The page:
Last week’s Tuesday History post looked at newspaper coverage of the 1969 Asheville High School walkout. This week we share an account recently offered to Xpress by Roger Ball, who was the school’s student photographer that year. As Ball notes, Principal Clark Pennell asked him to capture the day’s events on his camera.
On the morning of [September] 29th, I was surprised to have Principal Pennell stop by my homeroom before classes and pull me aside. He expected a walkout of students later that morning and asked me to grab my camera. He wanted me to take photos of any cars coming on campus that didn’t belong to students. He felt that there were some outside people pushing this walkout and he wanted evidence.
As a young 18-year-old high school senior and the school photographer, I was pretty excited to help out at that point. Though I soon started wondering exactly what I was getting into as I came across uniformed Asheville police lined up in the lower level hallway, wooden nightsticks attached to their belts.
Once the morning bell sounded for first period it was obvious that the majority of the black students were heading to the front of the school instead of class. I followed and started taking photos of the students and watched for any cars driving up to the entrance. I never saw any. Outside, several students took the lead and addressed all who had walked out. Arms were raised in black power salutes.
Eventually Principal Pennell came out to try and defuse the situation. He asked the students to return to class. Nothing came from his efforts and the next thing I noticed were the police filing out the front. The students quickly moved off the front steps, across the front driveway and onto the grass area. At this point, the police demanded the students leave the campus. I don’t think returning to class was an option.
Lined up shoulder to shoulder, the police approached the crowd of students and when they did not disperse, wooded batons came out and the officers started swinging. To be honest, I was so shocked seeing the situation escalate this far, I forgot to to keep taking photos and only started taking them again when the students bolted in different directions down the schoolyard toward McDowell Street.
I continued to take photos as the students started throwing rocks at the police and watched as a small VW Bug was turned over. Eventually the largest group of students moved away, most of the police left or moved to different places around the school, I couldn’t tell. Classes were called off and the rest of the school’s students went home.
While the school stayed closed for a couple of weeks, I spent many days in the school’s darkroom making multiple 8-by-10 glosses of every shot I took that morning. Copies for the SBI, FBI, police, school board, you name it.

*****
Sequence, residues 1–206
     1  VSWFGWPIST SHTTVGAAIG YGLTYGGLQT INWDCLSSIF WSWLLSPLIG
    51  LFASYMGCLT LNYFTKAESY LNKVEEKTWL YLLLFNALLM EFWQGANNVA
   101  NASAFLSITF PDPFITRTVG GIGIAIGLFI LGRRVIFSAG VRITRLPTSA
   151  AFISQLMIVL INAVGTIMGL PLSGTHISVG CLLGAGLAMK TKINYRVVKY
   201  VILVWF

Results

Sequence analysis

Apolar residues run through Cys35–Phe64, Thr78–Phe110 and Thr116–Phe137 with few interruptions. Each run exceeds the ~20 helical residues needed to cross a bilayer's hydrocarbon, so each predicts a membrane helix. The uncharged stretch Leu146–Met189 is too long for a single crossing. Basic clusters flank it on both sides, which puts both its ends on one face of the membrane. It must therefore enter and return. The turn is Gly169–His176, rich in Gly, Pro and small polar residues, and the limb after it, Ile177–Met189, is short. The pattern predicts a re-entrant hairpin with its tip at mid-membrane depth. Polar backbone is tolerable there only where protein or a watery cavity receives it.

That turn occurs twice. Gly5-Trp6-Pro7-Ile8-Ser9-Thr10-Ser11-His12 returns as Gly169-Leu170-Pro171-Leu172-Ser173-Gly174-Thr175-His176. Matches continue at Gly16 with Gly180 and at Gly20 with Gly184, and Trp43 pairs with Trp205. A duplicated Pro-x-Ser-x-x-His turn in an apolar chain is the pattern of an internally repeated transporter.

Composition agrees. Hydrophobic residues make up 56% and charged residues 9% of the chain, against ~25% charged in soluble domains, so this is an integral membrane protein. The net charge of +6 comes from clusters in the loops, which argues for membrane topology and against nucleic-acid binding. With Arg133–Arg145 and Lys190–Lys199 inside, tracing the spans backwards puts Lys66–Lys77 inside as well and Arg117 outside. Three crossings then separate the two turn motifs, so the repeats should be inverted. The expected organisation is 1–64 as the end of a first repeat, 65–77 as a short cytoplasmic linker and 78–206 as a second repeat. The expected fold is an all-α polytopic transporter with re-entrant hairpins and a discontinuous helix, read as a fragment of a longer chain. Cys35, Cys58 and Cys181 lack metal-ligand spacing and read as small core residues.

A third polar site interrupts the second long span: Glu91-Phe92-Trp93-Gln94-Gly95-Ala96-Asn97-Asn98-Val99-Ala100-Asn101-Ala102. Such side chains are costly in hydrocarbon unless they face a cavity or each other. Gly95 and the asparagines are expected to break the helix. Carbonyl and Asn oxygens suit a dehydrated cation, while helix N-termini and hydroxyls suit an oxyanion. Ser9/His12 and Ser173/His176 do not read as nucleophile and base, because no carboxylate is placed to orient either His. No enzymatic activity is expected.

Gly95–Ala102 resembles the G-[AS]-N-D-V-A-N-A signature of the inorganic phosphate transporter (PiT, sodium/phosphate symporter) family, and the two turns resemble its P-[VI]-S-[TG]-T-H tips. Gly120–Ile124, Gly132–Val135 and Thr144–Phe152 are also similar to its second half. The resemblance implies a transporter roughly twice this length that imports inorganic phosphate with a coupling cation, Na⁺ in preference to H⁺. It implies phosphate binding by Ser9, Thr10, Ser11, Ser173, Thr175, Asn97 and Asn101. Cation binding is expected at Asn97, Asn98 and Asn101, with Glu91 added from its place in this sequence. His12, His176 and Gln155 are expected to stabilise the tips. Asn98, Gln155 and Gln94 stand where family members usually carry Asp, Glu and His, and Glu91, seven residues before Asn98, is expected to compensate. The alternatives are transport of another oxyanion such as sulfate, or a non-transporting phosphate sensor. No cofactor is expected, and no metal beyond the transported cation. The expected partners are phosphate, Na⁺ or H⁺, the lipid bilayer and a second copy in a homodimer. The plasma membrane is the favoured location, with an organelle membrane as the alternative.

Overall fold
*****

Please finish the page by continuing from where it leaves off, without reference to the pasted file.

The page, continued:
I did keep the negatives and, 40 years later, pulled the badly curled strips of film out. I cleaned, flattened and scanned each frame, posting them to several Facebook groups that popped up looking back at that day in our lives.
That was my involvement in the walkout.
From a more personal point of view, I’ve always thought the walkout was justified. I didn’t agree with the damage done to personal property and [I was] glad things didn’t escalate to the point anyone was seriously injured for sure. But what did the Asheville School Board and those handling the 1969 integration of the all-black high school, Stephens-Lee and the mostly white Lee Edwards, think? Hardly a year after one of the most violent and sad periods in our country — with the deaths of Martin Luther King and Bobbie Kennedy and racial riots in major cities — [the Asheville School Board] seemingly spent little time thinking hard about how this forced integration would affect the students involved.
There were several instances earlier in the school year where punishment for minor infractions was disproportionately levied on black students versus white students. Weeks before this walkout, it was brought to the school’s attention that none of the many Stephens-Lee sports trophies were on display in the large glass case at Asheville High. Both schools had a long and proud history of sports and awards to prove it. Yet I don’t believe a single Stephens-Lee trophy was displayed. Add the ongoing racial unrest nationally and things just reached a boiling point that day.
Ball’s fellow classmate and Asheville resident Dan Lewis is in the process of putting together a video documentary about the events. For information regarding the documentary, please visit avl.mx/40o.